By Kevin Kelly
Catholic Key Associate Editor
ST. JOSEPH — You’re coming to a great diocese, Apostolic Administrator Archbishop Joseph F. Naumann told incoming Bishop James V. Johnston.
“There are not many dioceses in which public and private schools are closed, a parade is held, and the whole community is caught up in a Royal celebration on the occasion of the arrival of a new bishop,” Archbishop Naumann told Bishop Johnston at a Vespers on the eve of Bishop Johnson’s installation as the seventh bishop of Kansas City-St. Joseph.
“Congratulations for being the bishop of a world championship diocese,” he said.
Bishop Johnston noted the warm welcome, and the carpet rolled out for him, albeit blue instead of red.
“I have to thank the Kansas City Royals for winning the title in five games,” Bishop Johnston said, then poking a needle at his friend, the archbishop who is a lifelong and avid baseball fan.
When he was appointed bishop of Kansas City-St. Joseph, Bishop Johnston said he looked at the liturgical calendar for a date for his installation and chose Nov. 4, the Feast of St. Charles Borromeo.
“Archbishop Naumann said, ‘No. That’s the date of the seventh game of the World Series,’” Bishop Johnston said.
They compromised. Bishop Johnston’s installation was scheduled for 2 p.m., plenty of time for Archbishop Naumann — and the rest of the diocese — to see the game, which wasn’t necessary.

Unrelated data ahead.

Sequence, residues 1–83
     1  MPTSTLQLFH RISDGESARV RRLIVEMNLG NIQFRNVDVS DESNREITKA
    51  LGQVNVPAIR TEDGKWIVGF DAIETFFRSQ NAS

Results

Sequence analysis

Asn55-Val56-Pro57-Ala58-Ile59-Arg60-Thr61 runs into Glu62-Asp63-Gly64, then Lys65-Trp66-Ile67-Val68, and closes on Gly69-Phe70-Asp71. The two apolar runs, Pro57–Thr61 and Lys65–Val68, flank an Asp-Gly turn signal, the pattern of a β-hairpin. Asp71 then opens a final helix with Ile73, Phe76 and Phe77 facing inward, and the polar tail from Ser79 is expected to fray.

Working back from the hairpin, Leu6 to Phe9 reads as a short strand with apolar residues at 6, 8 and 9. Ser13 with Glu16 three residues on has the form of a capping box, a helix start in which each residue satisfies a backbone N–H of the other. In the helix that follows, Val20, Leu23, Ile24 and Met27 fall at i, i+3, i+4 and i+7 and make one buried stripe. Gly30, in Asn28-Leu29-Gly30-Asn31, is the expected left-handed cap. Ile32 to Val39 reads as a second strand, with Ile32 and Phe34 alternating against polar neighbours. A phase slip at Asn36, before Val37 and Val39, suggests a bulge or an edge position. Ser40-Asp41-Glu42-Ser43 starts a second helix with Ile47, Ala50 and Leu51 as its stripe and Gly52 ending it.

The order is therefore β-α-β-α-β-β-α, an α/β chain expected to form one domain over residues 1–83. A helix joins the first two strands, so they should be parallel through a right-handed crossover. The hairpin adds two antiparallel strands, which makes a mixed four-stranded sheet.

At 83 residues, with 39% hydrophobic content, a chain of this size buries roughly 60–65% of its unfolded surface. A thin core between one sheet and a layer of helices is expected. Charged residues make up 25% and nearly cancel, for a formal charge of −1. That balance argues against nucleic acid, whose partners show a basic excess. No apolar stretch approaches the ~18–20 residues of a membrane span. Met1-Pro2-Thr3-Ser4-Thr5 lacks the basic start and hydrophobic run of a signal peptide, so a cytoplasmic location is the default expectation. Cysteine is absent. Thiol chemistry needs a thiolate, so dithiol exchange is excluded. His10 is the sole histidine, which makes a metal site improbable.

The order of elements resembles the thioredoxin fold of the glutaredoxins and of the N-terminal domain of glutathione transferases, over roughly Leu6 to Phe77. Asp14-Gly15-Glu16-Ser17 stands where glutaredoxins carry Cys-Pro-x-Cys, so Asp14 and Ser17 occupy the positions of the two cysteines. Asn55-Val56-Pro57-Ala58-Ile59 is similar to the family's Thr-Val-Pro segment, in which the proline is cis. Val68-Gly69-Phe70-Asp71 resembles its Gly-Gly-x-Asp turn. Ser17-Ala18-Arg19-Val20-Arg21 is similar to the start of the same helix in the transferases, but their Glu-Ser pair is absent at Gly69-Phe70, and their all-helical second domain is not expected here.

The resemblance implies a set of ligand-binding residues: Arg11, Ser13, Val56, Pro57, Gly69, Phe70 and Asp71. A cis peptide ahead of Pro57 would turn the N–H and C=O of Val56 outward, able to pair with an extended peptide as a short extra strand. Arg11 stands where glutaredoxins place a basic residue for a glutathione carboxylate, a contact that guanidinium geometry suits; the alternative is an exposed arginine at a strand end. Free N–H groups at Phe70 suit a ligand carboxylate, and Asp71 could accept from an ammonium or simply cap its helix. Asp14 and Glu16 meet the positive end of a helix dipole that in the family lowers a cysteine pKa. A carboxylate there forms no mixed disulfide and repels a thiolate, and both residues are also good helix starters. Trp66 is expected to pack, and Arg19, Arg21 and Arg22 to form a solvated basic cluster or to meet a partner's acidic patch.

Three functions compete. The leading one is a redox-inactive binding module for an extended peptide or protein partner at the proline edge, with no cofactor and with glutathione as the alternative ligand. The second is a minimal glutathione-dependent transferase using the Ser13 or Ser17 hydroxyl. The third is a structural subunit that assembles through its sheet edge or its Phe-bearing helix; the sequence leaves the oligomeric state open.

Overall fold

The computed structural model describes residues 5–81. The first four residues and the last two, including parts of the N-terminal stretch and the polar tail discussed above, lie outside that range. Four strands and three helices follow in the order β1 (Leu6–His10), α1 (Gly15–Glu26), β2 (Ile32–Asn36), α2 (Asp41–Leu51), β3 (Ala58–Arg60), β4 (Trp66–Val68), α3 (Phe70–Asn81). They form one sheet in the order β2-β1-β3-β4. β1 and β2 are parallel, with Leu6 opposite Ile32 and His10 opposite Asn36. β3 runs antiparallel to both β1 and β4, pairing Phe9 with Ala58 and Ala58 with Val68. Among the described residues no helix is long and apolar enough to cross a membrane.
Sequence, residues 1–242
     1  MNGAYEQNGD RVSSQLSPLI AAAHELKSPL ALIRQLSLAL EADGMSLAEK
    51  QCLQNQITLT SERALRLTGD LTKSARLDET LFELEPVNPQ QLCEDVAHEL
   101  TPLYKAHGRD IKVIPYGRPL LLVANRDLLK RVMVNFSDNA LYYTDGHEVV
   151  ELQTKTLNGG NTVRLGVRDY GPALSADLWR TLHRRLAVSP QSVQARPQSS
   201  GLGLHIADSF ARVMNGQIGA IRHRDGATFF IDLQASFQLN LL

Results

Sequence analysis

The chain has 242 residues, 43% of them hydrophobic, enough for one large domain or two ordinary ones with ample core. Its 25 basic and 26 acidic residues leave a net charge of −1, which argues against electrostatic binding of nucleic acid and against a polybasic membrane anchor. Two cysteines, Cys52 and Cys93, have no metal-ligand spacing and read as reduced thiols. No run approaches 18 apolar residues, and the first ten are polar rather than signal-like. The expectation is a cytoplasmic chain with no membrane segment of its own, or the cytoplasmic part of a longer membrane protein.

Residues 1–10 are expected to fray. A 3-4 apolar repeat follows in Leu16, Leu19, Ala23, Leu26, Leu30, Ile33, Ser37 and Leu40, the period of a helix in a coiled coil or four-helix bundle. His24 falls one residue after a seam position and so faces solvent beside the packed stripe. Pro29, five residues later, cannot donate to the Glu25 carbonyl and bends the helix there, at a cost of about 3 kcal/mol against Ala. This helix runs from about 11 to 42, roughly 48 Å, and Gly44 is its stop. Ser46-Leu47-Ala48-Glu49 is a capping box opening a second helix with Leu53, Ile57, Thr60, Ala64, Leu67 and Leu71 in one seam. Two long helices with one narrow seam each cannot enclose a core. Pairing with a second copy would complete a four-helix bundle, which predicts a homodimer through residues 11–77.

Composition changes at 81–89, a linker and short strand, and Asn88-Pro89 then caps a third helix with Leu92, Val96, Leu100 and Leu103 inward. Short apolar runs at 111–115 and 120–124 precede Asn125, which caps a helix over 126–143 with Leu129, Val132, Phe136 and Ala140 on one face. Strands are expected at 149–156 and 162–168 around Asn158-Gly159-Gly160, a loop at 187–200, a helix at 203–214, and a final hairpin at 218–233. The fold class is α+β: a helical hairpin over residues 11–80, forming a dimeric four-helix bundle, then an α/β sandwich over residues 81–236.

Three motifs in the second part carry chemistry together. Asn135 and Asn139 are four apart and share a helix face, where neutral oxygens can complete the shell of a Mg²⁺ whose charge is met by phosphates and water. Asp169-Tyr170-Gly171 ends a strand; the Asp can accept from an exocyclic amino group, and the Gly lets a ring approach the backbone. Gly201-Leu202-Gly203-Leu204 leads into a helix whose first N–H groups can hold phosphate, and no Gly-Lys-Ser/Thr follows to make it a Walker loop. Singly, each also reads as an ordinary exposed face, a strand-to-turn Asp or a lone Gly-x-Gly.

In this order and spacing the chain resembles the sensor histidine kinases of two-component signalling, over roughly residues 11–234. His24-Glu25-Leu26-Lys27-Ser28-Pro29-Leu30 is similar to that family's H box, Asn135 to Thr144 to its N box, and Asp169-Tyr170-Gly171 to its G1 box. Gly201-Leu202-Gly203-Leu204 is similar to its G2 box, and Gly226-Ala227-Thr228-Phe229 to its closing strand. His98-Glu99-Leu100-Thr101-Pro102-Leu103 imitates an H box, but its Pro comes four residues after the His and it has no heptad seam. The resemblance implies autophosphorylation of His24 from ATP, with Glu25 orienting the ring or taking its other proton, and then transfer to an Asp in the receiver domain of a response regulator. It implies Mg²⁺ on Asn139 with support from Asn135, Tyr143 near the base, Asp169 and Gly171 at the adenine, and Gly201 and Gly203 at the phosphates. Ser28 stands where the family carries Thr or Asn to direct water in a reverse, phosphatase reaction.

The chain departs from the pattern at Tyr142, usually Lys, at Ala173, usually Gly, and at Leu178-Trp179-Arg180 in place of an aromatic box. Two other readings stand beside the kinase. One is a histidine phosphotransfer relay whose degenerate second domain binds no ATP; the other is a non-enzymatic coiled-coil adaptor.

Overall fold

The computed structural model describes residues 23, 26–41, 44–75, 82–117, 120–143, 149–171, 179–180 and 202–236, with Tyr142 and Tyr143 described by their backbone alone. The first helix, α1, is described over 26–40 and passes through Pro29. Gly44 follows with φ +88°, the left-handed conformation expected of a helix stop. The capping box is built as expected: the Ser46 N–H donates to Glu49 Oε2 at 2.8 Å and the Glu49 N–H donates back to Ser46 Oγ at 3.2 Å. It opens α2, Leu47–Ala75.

But then, in his homily at the Nov. 3 Vespers, Bishop Johnston turned to the sacred place he was in.
The Diocese of St. Joseph was never “suppressed.” It was instead merged in 1956 with the Diocese of Kansas City.
And the Cathedral of St. Joseph was never “decommissioned.” It is still very much a cathedral in every sense.
Bishop Johnston, coming to this diocese after nearly eight years as bishop of Springfield-Cape Girardeau, told the congregation that nearly filled the cathedral for the 5 p.m. Vespers of the very first bishop to serve western Missouri, Bishop John Joseph Hogan who was not only the founding bishop of St. Joseph in 1868, but of the Diocese of Kansas City in 1880.
“Some friends of mine in Springfield who have done research on Bishop Hogan recently gave me a copy of one of his letters,” he said.
News travelled slowly in those days. Bishop Hogan did not learn until February 1868 that the Vatican had established the Diocese of St. Joseph and named him the founding bishop some eight months before.
Here, in Bishop Hogan’s words, was the task facing him:
“A bishop’s see in St. Joseph, which only had one parish church, with boundaries limited to a few counties, in the least Catholic part of Missouri. In all, four or five poor missions, with a total Catholic population of about three or four thousand souls. No cathedral, no bishop’s house, no decent house for the clergy, no seminary, no students, no means, no hope of an increasing population, for the public lands had long before been sold. . . It was not until the September following that I could bring myself to consent to be a victim.”
“In other words, things were tough,” Bishop Johnston said.